Thijs Lijster – The Future of the New

The Future of the New
Artistic Innovation in Times of Social Acceleration
Arts in Society / IKK

Novelty is thus systematically valorized at the expense of durability, and this organization of detachment, that is, of unfaithfulness or infidelity (equally called flexibility), contributes to the decomposition of libidinal economy, to the spread of drive-based behaviors and to the liquidation of social systems.
Bernard Stiegler, For a New Critique of Political Economy

Innovation has become an inherently problematic notion for contemporary art and art theory. Since the nineteenth century, ‘the new’ has been the primary value in artistic practice and discourse. Moreover, due to this preoccupation with innovation, modern art was often considered a source of social critique and an ally of social movements resisting the domination of tradition. Likewise, twentieth-century artists and intellectuals who criticized consumer culture often invoked the ‘new’. Capitalism was said to ‘infect everything with sameness’ (Horkheimer and Adorno), as the standardization of commodity production left little room for the spontaneity, creativity and individual autonomy expressed in art.

However, what happens if novelty and innovation themselves become the problem? Today, the dominant strand of critique considers modernity’s ‘social acceleration’ (Rosa) and ‘short-termism’ (Stiegler) as main sources of alienation and discontent. Hartmut Rosa points to the paradox that despite all our timesaving technologies people hardly have the feeling that they have plenty of time. On the contrary, more and more people feel lost in a world that innovates perpetually and beyond their control. Moreover, there is an increasing a-synchronicity between different social domains: the relatively slow-working world of politics can hardly keep pace with the world of finance.
Innovation can no longer be considered a self-evidently progressive value, now that it is part and parcel of post-industrial consumer culture. Social movements and theorists increasingly advocate slowing the pace of capitalism, emphasizing the need for continuity and security in people’s lives. They are accompanied by humanitarian and environmental organizations, which underline the need for sustainable solutions to the problems caused by ‘innovation’.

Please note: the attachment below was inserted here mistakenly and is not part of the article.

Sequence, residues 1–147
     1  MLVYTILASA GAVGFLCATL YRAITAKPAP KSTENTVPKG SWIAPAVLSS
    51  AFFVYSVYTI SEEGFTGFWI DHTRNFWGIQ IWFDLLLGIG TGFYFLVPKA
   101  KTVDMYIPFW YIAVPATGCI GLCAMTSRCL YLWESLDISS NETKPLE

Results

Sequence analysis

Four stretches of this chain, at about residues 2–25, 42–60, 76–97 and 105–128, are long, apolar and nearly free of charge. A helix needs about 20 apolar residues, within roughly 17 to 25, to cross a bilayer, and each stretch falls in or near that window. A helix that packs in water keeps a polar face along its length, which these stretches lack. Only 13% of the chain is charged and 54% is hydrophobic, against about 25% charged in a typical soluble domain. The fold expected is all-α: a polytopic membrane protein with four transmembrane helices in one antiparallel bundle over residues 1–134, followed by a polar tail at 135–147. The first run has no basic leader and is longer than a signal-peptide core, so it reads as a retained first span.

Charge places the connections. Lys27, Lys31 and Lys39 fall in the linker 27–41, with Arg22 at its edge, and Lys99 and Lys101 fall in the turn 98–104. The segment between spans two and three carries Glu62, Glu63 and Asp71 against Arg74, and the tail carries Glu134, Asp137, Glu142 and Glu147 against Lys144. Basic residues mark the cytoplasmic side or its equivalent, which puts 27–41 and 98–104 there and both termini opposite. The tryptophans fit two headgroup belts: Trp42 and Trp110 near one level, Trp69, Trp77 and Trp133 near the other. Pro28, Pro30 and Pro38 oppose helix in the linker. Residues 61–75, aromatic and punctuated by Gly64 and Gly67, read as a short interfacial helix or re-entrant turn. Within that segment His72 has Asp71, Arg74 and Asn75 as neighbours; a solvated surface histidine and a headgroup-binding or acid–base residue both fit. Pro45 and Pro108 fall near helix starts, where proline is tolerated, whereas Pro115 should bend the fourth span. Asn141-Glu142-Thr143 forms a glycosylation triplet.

This creates a problem for contemporary art and art theory. Can artistic innovation still function as a source of critique? People continue to turn to the arts for critical relief from the onrush of empty commodity novelty, once described by Walter Benjamin as ‘the eternal recurrence of the new’, but how can the arts provide such relief when they are continually forced to be innovative? Artists themselves are struggling with a legitimation crisis and find it difficult to respond to the ever-increasing influence of the creative and culture industries. How can the arts critically relate to contemporary culture of change when they are themselves and by their own definition forced into innovation?

In The Future of the New we want to reflect on the role of the arts in times of social acceleration. We want to investigate concepts and strategies that allow to deal with the problems mentioned above. How do artists deal with the changing role of and discourse on innovation? Do they renounce innovation and turn to traditional practices (the revival of craftsmanship), do they look for alternative ways to innovate, or do they, in a gesture of over-identification, immerse themselves in social acceleration so as to speed-up even more and let capitalism crash against its own limits (as proposed by accelerationism)?

For The Future of the New we invite theorists, critics, artists and professionals in the art field to reflect on the concept and practice of artistic innovation, and its role in various conceptions of the relationship between art and social critique. The central questions are: What can artistic innovation mean today, and can it still function as a source of social critique? Can and should we distinguish between different concepts of innovation (e.g. on the basis of their relationship to history and tradition)? Are innovation and novelty necessarily connected to acceleration, or can we think of ways to detach them (as Benjamin Noys proposes)? Can we think of way to reconnect contemporary art to social critique without it having to forsake the imperative to innovate? Can we still use terms as ‘avant-garde’, ‘novelty’ and ‘progressive’ in the art world, now that they have become tainted by consumer capitalism? How revolutionary are the artistic revolutionaries, now that the modus operandi of capitalism is itself the ‘permanent revolution’ once dreamt of by Trotski?

The Future of the New brings together debates in three different disciplines: 1) within sociology of the arts, concerning the origins of artistic innovation, 2) within aesthetics and philosophy of time, concerning the ontology of innovation, and 3) within critical social theory, concerning the social and cultural problems created by acceleration and perpetual innovation. The book addresses a theme that is highly relevant to professionals and policy makers in the arts, namely the question whether and how the arts can be a source of social critique, and how it can relate to the problems created by increasing social acceleration. The book is aimed at critics, artists, researchers, students, and all those who are interested in the current state of artistic innovation or concerned about its future. Combining timely analyses of contemporary art and inspiring visions for the future, The Future of the New attempts to set the agenda for the debate on the function and value of artistic innovation.